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Chicago health officials warn of 'tripledemic' of COVID-19, flu and RSV this winter

Chicago health officials warn of 'tripledemic' of COVID-19, flu and RSV this winter
Chicago health officials warn of 'tripledemic' of COVID-19, flu and RSV this winter 02:52

CHICAGO (CBS) -- Chicago health officials are urging people to get their COVID-19 vaccine boosters as soon as possible to help avoid a full blown winter surge. And now, the city's top doctor says she is concerned about a "tripledemic." 

It is a combination of COVID, the flu and RSV. 

People in Chicago's Englewood neighborhood are paying attention. 

Dr. Allison Arwady, commissioner of the Chicago Department of Public Health, predicts Chicago will move back into the medium COVID-19 risk level in the coming weeks. Saturday, residents weren't taking any chances with the winter season approaching.

Dannie and Camille Lee want to make sure they're prepared for this winter.  

"We definitely want to get the shots," said Dannie. "Get those boosters because we know too many people that didn't make it through the pandemic."

"If you get both of them, you may not make it because your body can only withstand and can fight off so much. And it cannot fight off COVID and the flu," said Camille. 

On Saturday, several people walked into Kennedy King College to get their booster or flu shot, sponsored by the Chicago Department of Public Health. Arwady said she's looking past Halloween to the respiratory virus season, which is when she expects to see another surge in COVID-19.

"So last week 1% was high. Eighteen percent was medium. This week, 2% are high, 22% are medium," she said. "Just a slight uptick, but my concern is we're probably continuing to see upticks like this as we move inside, he weather gets cold, and we hit our respiratory season."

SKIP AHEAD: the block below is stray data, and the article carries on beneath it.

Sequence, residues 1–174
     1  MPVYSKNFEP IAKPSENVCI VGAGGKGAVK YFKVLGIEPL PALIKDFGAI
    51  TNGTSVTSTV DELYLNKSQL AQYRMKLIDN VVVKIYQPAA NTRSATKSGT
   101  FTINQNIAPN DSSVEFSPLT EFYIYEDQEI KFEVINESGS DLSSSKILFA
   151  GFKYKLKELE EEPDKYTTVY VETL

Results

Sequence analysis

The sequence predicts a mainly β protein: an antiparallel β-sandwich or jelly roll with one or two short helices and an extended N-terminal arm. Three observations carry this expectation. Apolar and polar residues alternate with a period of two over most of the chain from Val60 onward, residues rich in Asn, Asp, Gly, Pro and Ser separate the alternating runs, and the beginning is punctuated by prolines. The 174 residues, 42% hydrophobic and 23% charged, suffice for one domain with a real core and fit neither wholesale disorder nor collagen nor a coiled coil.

COVID isn't the only concern. Arwady said Chicago is already seeing higher acute respiratory hospitalizations among children and higher rates of RSV than it has in the last two years.

"When I see how much RSV is already hitting us, and I know that every year we have a flu and a covid season, my crystal ball says, 'Get your kids vaccinated please,'" she said. 

Aaron Trujillo wanted to get his 1.5-year-old son his second dose of the vaccine.

"It's really important to keep healthy and be responsible for everyone," he said. 

The University of Illinois has launched a test kit that eliminates the confusion over COVID, flu and RSV, which have similar symptoms. The test will help customers know within 24 hours if they have one of these three viruses.

Arwady recommends getting the vaccine and booster shot now while it's still free through federal funding because, she says, by the first quarter of next year, it will come with a cost. 

The Chicago Department of Public Health says booster shots are keeping hospitalizations down. Health experts say people who are unvaccinated are more likely to be hospitalized with COVID-19 than those who have gotten all of their shots. 

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